T-Mobile is shutting down service to these phones, but will offer free replacements

By: Ryne Hager  |  Jan 8, 2021  |

Based on internal documents from T-Mobile given to Android Police, some older devices, including the OnePlus One, Xperia Z3 series, and Nexus 9, will be unable to connect to the company’s network beginning on January 29th. 19 devices, including phones, tablets, and even cameras, are named by the document. Affected customers will be notified by SMS beginning on December 28th, and will be able to upgrade to one of four phones for free.

According to the documents sent to us (which we have verified as accurate), the following devices will be unable to use T-Mobile’s network as of January 29th, following the deployment of a network update:

  • Samsung Galaxy Note 4 (AT&T model)
  • Samsung Galaxy Note 4 (Verizon model)
  • Samsung Galaxy Note Edge
  • HTC Desire 10 Lifestyle
  • HTC Desire 650
  • Google Nexus 9
  • Huawei Mate 8
  • Huawei P9
  • Mikrotikls SIA_R11e-LTE6
  • Netgear Arlo Security Camera System
  • OnePlus 1
  • Quanta Dragon IR7
  • Samsung Galaxy S5 Duos
  • Sony Xperia Z3 Compact
  • Sony Xperia Z3
  • Sony Xperia Z3 Orion
  • Sony D6616 Xperia Z3 Orion
  • Soyea M02
  • ZTE ZMax

Note that although the AT&T and Verizon Note 4 are affected, the T-Mobile version of the phone is not. It is also possible other devices not on this list may be affected.

Most of the devices T-Mobile lists as being left behind are quite old in smartphone terms. The majority are from 2014-2015, though the Huawei P9 landed in 2016. These are devices that stopped getting official updates a long time ago, and even excluding this end of carrier support, it’s in these customers’ best interests to upgrade to something with more recent security patches. However, the inclusion of the Arlo security camera and R11 e-LTE6 are odd, for reasons we’ll touch on later.

Connected to the list is a longer text that explains the devices are being left behind due to their inability to receive an update required for continued functionality on T-Mobile’s network, following a network change. We originally thought this was tied to the long-awaited mandatory VoLTE support associated with T-Mobile’s legacy network shutdown, but the company tells us that isn’t the case — though the timing and details remain suspicious. The change will also affect Metro and Sprint subscribers, and details there get a bit muddier.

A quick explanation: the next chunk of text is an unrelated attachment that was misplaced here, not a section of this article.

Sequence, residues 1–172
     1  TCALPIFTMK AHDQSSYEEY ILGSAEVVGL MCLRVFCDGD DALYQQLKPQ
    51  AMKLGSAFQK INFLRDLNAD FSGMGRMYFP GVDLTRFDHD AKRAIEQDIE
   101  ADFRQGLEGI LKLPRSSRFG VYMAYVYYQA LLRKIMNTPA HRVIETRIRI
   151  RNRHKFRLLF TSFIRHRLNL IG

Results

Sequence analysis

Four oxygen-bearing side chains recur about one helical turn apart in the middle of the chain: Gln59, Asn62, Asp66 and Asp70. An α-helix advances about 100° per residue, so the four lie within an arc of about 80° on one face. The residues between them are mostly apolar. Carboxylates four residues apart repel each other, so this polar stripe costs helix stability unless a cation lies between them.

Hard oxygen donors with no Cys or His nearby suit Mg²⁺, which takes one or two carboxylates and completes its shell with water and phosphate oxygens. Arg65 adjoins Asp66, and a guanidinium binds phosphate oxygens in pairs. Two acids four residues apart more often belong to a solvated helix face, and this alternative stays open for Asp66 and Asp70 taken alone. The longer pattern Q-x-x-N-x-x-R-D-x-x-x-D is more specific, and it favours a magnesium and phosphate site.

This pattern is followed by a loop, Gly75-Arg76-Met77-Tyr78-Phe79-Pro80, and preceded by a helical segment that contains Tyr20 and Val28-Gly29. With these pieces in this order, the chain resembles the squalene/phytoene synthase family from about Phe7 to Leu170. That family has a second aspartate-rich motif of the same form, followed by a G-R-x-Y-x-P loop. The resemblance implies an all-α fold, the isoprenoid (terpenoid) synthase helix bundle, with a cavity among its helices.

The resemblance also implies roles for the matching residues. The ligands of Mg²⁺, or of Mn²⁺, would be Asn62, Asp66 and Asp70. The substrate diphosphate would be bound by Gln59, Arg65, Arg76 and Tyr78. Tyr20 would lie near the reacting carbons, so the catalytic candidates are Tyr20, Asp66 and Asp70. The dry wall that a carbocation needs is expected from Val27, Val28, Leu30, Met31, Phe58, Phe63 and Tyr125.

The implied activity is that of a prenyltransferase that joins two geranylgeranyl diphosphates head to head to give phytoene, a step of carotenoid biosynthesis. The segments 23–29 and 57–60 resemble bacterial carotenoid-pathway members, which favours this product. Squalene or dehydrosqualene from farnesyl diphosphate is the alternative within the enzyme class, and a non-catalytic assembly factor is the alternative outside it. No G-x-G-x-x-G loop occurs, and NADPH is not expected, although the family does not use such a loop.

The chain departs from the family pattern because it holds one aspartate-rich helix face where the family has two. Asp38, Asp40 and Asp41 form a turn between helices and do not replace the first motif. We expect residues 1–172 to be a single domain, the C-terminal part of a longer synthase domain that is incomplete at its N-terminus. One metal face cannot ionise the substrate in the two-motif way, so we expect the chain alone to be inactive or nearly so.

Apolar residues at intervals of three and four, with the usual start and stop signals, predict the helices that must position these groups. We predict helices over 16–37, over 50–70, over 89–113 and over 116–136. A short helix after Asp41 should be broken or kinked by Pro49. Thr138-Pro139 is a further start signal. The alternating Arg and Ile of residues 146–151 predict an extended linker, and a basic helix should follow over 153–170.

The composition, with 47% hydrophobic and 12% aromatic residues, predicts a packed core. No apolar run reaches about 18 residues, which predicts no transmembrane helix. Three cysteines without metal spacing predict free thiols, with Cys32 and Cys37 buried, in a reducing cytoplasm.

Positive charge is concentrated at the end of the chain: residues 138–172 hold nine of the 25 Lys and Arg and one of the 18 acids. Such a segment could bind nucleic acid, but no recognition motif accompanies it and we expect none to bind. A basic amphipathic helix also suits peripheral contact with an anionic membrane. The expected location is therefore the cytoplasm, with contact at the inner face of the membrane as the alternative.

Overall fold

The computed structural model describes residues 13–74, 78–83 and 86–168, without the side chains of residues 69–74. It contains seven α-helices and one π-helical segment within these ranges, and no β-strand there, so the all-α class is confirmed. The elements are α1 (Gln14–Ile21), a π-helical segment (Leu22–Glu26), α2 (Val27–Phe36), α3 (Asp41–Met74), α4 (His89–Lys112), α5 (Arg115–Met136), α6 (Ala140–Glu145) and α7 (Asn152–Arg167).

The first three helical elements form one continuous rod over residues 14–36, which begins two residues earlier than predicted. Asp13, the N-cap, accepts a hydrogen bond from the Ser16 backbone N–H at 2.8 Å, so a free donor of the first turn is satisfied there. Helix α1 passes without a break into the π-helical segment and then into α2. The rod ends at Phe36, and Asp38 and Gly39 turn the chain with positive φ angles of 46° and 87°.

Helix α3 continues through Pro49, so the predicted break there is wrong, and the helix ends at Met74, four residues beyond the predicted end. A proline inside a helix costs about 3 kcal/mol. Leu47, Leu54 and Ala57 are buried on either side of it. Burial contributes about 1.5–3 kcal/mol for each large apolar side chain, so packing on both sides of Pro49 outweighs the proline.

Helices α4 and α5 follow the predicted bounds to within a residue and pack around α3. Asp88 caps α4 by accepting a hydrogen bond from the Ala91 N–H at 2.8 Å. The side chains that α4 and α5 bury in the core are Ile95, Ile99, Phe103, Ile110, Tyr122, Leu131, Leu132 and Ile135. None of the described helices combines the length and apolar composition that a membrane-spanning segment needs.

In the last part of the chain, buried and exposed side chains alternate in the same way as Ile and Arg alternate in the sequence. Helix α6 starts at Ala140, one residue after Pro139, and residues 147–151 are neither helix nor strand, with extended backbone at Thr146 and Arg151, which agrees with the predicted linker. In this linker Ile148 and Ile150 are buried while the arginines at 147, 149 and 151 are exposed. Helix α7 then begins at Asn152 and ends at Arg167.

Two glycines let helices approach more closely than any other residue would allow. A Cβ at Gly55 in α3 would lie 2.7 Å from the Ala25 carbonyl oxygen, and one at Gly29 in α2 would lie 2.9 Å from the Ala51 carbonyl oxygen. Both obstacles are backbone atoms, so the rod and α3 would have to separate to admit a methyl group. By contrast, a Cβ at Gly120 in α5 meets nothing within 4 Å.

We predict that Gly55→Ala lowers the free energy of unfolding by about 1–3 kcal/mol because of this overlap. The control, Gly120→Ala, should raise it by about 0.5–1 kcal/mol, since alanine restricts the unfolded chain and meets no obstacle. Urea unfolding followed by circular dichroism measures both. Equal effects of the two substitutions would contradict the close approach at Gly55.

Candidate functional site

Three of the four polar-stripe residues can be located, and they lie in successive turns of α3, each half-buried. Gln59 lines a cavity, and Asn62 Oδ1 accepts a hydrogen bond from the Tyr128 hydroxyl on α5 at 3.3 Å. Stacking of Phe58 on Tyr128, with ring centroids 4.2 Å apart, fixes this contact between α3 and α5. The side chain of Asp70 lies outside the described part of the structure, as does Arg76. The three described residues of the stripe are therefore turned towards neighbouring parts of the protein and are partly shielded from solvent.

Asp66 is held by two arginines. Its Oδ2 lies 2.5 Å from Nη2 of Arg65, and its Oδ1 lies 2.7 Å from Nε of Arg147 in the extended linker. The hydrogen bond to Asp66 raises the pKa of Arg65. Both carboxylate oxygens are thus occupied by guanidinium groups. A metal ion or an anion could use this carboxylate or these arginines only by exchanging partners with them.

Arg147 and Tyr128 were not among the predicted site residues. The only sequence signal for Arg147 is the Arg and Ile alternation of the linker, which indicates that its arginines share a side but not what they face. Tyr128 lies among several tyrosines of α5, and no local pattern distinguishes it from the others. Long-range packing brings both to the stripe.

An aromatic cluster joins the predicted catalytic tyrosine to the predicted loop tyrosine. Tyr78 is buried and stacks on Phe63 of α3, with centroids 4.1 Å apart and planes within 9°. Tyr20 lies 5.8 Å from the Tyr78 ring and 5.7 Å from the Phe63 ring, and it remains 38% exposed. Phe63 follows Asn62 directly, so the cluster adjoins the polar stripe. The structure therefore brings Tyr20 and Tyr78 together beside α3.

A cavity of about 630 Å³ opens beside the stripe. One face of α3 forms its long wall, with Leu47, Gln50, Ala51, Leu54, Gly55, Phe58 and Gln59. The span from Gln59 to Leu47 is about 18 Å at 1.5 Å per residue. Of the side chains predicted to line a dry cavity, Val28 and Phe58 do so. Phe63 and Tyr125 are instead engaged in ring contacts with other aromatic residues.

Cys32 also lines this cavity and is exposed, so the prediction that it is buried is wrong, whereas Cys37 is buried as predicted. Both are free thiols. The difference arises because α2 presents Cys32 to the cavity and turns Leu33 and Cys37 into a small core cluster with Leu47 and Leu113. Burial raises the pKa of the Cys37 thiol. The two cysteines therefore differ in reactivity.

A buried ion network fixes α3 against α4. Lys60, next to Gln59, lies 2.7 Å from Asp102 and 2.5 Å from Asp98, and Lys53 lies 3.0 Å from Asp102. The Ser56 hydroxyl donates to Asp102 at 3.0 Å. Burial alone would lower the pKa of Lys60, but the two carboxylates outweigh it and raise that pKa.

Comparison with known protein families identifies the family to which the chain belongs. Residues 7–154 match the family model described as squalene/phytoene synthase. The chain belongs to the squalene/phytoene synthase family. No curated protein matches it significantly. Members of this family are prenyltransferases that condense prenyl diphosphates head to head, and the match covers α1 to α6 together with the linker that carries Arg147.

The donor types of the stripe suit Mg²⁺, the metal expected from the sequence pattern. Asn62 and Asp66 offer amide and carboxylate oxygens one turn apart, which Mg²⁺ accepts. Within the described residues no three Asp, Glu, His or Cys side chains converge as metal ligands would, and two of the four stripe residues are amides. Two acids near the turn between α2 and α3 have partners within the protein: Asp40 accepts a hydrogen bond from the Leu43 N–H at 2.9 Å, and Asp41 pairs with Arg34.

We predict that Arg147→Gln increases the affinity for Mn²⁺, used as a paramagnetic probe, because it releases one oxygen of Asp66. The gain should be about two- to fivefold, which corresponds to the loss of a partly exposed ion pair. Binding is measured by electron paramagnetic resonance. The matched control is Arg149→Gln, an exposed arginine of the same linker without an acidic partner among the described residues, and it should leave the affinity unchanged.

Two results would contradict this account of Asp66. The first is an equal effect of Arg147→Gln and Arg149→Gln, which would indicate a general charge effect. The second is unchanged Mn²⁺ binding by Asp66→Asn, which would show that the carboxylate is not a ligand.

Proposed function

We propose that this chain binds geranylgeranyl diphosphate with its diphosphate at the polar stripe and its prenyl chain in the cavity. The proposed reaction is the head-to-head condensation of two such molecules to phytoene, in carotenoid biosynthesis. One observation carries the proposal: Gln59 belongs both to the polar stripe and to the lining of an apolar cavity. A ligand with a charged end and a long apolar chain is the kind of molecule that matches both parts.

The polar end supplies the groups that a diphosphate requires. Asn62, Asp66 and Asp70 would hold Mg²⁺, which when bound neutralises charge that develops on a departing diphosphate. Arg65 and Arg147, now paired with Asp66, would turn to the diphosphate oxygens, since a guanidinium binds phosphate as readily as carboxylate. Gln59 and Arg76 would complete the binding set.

T-Mobile is required to maintain Sprint’s 3G network for three years as a condition of the merger, and presumably, customers with these devices should still be able to connect to that network. The document still claims Sprint customers will be impacted, but a later section states only those on T-Mobile or Metro by T-Mobile will lose all network connectivity. Sprint subscribers with affected devices will only lose T-Mobile network roaming.

The document claims that snail mail letters were sent to those affected by the change beginning on the 18th, and SMS-based notifications will be sent on December 28th, giving customers around a month to replace their devices. Some business customers will be pushed to an existing $150-off promotion, and T-Mobile employees are told to “stay tuned for additional offers that will be specifically targeted to impacted customers.”

After our story was initially published, T-Mobile reached out to confirm this change is not part of either its VoLTE requirement or any legacy network shutdown, even though the timing, the apparent requirements, and the list of devices imply a connection. We asked T-Mobile for more details regarding the change that is pushing these devices off the network, but that information wasn’t provided. The company did not accept our offer to publish a statement when asked.

The inclusion of devices like the original Arlo security camera and R11e-LTE6 mini PCIe card also cast some doubt on the VoLTE requirement as a cause, since neither should need that. When asked how this affects future software support and functionality on T-Mobile’s network, a representative from Arlo told us that no official decision has been made to discontinue the product.

In the meantime, T-Mobile subscribers using any of those 19 devices should reach out to see if they are eligible for the promotional offer. If you’re worried about your phone, you can check and see if your device supports VoLTE with our guide.

T-Mobile has now published public support documents about the device cutoff, and has started sending out texts to affected customers. There’s no new information compared to the previous leaks, except there is now confirmation that T-Mobile Prepaid and Metro by T-Mobile (formerly MetroPCS) customers are also affected.

Read the original article and access associated links from AndroidPolice.com HERE.

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